After all the concern, all the fear about What Might Happen, how upset Students Might Be the school day after Newtown, Monday was a remarkably normal day. It was chilly and rainy – colder inside than outside, in fact, as many people remarked during a fire drill that afternoon. More students were absent than usual – but of course it was the last Monday before Winter Break, and there’s an ugly flu bug going around, and some families have left town early to visit distant relatives. And I know that N had sinus surgery scheduled, and D and B rarely come to school on Mondays.
An oddly ordinary day, much like how Paula White describes her day in her recent blog post. A day of endings and beginnings.
In my face-to-face teaching world, the fall semester ends in mid-January, so December is a time of endings and beginnings anyway. Performing arts groups give their holiday performances; art classes prepare their final exhibitions; Ms. X looks at the calendar and is horrified by “so much to cover” in the few remaining days. This last week before a much-needed Winter Break is a strange, awkward, in-between time anyway. Report cards for our third reporting period went home Friday, a week into the new marking period, as they always do. And since the fourth reporting period will be half-completed right before Winter Break, students will get progress reports on Thursday, less than a week later.
A time of endings and beginnings, of review sessions and plans for new courses, of rewriting final exams for old courses and syllabi for new ones. The turn of the academic year. A time when some forms of community are easy, and others are really difficult.
Holiday-party community is easy – especially if you like parties, and I do. Monday afternoon was filled with good food (“best batch ever” of my little finger sandwiches, according to several colleagues), a thoughtful “present from the school,” and good conversation. I enjoy watching the Dirty Santa game, though I haven’t brought a gift-to-participate in years, and even Ms. X and Mr. Y seemed to enjoy it more than usual.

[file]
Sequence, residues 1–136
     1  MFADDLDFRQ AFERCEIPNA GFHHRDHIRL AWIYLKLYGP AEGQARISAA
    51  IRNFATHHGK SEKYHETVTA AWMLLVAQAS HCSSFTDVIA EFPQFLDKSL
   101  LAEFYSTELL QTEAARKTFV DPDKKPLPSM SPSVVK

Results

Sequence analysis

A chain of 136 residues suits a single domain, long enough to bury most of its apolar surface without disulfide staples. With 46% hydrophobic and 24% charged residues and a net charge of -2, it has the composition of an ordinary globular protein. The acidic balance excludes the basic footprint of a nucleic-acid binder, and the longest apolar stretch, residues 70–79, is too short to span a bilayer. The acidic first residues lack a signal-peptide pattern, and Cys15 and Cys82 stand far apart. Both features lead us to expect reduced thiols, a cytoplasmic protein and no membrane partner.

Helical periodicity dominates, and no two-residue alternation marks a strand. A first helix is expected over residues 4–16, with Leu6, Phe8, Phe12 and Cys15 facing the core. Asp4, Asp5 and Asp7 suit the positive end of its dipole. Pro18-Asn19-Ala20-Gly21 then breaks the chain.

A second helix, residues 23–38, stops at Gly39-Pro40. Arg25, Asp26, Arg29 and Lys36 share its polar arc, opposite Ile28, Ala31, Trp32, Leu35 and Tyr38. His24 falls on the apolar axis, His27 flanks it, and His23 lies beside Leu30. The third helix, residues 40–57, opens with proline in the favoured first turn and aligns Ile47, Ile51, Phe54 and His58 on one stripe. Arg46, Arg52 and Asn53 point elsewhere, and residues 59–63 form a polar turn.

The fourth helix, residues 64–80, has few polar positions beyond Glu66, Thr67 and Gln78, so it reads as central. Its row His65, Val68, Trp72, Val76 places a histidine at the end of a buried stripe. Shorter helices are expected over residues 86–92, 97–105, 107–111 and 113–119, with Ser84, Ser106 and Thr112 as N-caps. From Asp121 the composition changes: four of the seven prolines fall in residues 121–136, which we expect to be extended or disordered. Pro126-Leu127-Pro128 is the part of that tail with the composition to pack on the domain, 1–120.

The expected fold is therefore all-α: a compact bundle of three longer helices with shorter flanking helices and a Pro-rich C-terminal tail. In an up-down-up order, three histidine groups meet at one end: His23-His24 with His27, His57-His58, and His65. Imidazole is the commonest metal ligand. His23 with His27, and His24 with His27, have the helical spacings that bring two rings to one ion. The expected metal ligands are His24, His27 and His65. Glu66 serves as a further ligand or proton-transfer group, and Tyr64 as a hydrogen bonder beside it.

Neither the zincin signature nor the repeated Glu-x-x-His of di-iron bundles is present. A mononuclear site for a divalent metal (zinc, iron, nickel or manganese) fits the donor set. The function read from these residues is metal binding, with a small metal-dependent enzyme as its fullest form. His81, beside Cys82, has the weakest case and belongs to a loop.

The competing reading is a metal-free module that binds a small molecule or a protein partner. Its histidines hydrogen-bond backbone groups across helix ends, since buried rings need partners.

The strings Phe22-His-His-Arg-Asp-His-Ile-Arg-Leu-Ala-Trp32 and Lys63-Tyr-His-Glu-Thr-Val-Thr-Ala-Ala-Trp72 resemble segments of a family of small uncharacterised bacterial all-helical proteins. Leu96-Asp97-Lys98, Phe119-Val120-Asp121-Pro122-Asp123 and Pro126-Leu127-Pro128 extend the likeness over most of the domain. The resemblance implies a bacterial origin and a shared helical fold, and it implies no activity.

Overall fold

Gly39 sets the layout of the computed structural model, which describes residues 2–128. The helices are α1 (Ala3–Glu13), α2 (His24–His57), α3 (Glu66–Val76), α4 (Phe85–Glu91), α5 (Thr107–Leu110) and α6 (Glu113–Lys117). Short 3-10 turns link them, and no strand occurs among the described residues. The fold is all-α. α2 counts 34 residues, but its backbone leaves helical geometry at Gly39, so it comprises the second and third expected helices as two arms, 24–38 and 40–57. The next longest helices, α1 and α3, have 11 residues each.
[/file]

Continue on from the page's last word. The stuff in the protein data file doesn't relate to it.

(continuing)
Authentic community is harder – but I saw hopeful signs all day. My “difficult” class had trouble getting started, and their first task, to form pairs and create a Latin sentence or two “about anything,” was deliberately open-ended. “I understand why it’s difficult,” I said, “but I’m still disappointed that we haven’t accomplished much yet.” We refocused on the purpose – of creating things for each other, sharing with each other, getting feedback from each other. And within a few minutes, they had focused on the task and created some good responses about … almost anything you can imagine.
Community is hard, especially when “What’s in it for me?” is the order of the day. I found that link through George’s Google+ share to a virtual community. And when I read this, and watched the video that inspired it, my heart ached for the lack of community, for the crazy-making factory that had batch-processed an excellent teacher right out of itself.
Watch the video even if you don’t have time to follow the link. And think about joy, hope, learning, and community.
How can we not only build, but sustain joyful community in difficult times? How to respond if Faceless Authority Figures, like the one Mr. Round mentions, are more interested in keeping the assembly line going? What should you do if doing what you’re told and building a community can’t both happen?
And when community forms, as it’s forming this week, in the aftermath of disaster and pain, how can we keep it going when the same-old same-old feeling returns?